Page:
Educators at all levels agree on the need to assess what their students know, but a growing number of them find that tests are not the best way to do it.

This trio of educators has found innovative ways to empower their students to show what they know.

Assessments as Progress Monitoring

Linda Baker, K-4 literacy specialist

Traditional tests are not always the best indicators of our students’ success because many of them are reluctant readers to begin with, so we can’t always rely on a measure on any particular day. We don’t know what’s happening at home. We don’t know how they’re feeling. There are a lot of factors that need to be taken into account when we do all our screenings.

We do a lot of progress-monitoring for each skill that we teach. Every week our students learn a different skill, and every Friday we progress-monitor to see how the skill is being used—for example, can they properly read the words we have assigned?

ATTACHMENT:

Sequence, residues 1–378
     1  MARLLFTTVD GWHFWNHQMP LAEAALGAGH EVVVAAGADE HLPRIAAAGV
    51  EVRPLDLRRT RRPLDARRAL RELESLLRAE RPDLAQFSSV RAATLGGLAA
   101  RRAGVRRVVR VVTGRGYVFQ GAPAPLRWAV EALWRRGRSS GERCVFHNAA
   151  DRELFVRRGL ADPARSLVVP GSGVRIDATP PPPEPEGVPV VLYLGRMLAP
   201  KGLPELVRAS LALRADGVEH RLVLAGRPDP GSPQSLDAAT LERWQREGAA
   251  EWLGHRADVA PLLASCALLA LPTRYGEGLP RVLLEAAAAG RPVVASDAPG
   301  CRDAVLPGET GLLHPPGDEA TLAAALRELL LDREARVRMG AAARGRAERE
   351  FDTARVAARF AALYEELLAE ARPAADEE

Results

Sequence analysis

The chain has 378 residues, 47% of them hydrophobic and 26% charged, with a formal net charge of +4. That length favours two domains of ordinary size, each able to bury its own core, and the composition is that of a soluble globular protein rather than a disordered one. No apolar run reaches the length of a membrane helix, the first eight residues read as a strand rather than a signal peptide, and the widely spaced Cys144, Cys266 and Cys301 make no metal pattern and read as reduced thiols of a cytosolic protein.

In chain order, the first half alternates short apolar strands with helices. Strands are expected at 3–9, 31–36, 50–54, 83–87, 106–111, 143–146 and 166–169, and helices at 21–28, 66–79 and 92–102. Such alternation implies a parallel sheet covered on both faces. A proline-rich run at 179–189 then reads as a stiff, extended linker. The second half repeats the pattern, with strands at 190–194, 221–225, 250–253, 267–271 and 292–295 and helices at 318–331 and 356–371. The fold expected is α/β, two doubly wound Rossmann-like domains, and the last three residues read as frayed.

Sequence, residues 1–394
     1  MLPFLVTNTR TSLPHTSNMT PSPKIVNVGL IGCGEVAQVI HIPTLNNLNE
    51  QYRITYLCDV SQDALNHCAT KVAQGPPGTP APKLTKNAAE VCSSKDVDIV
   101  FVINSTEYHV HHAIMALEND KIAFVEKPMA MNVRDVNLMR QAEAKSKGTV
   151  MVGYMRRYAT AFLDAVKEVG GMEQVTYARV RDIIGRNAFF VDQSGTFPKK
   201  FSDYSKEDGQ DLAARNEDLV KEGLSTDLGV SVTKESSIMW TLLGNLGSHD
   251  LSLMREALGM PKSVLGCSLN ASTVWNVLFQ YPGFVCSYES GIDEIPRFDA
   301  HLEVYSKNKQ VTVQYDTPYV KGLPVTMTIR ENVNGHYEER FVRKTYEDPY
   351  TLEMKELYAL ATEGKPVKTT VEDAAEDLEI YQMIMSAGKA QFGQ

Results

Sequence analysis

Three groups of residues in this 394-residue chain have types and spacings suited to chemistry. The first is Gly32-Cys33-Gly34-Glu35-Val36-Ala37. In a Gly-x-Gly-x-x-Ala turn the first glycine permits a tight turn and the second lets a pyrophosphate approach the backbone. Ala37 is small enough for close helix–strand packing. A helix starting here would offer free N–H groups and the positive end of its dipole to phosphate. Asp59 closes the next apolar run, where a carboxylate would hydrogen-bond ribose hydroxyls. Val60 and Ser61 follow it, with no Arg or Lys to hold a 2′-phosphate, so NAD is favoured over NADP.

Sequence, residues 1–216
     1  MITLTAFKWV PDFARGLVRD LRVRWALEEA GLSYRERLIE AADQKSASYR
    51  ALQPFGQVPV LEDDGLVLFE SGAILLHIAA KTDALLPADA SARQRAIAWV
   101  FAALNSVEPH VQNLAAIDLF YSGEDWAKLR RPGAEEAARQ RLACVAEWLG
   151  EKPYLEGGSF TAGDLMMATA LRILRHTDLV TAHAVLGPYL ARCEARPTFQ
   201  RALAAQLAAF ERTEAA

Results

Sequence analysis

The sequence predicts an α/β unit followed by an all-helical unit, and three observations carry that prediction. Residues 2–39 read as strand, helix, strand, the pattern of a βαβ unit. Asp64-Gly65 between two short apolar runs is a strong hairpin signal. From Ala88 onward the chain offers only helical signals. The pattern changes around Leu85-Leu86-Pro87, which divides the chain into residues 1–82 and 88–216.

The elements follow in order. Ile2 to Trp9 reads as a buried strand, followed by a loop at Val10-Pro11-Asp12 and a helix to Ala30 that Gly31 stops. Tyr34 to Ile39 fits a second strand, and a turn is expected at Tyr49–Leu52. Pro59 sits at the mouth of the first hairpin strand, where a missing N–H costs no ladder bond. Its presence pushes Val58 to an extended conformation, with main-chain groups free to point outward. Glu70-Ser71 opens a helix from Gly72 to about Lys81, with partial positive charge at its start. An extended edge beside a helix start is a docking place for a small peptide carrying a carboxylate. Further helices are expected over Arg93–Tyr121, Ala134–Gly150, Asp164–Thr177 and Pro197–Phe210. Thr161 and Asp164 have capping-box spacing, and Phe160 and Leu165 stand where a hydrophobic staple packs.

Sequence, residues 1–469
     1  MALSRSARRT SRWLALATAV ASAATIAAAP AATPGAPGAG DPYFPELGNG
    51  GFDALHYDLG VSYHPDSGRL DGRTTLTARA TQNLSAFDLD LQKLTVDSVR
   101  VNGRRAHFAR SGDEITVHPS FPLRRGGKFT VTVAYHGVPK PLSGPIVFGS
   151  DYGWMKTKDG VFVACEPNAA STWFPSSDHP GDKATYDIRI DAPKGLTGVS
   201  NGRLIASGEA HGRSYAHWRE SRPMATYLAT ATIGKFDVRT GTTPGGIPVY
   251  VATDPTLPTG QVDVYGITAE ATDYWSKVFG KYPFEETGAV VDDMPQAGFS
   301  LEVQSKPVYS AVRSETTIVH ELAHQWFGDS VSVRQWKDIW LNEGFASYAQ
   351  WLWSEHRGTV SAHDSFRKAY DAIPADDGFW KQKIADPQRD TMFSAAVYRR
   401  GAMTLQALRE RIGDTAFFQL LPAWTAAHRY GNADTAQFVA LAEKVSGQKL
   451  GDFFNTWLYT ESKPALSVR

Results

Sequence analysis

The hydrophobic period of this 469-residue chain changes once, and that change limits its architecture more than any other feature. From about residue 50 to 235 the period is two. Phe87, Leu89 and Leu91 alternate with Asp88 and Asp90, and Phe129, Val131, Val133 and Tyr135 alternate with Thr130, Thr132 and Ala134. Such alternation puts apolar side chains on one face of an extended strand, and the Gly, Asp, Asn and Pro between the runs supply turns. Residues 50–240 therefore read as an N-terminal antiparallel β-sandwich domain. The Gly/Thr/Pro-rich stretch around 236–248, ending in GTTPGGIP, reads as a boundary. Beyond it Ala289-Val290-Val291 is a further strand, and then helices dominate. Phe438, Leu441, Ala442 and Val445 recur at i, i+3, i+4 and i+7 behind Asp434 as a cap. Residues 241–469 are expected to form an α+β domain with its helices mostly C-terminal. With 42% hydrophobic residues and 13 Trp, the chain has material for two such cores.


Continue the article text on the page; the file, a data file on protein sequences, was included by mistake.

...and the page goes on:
We also monitor the data we get from Reading Horizons, the computer-based program we use for our literacy teaching, to see what needs to be taught longer and what students have mastered. We then make our student groups accordingly. There’s a lot of flexibility, with students moving from group to group as they master various skills.

We see our students and use Reading Horizons on a daily basis, so if a student doesn’t seem to be doing his or her best work, we continue to monitor that student on a daily basis and adjust accordingly.

(Next page: 2 more ways of assessing without testing)


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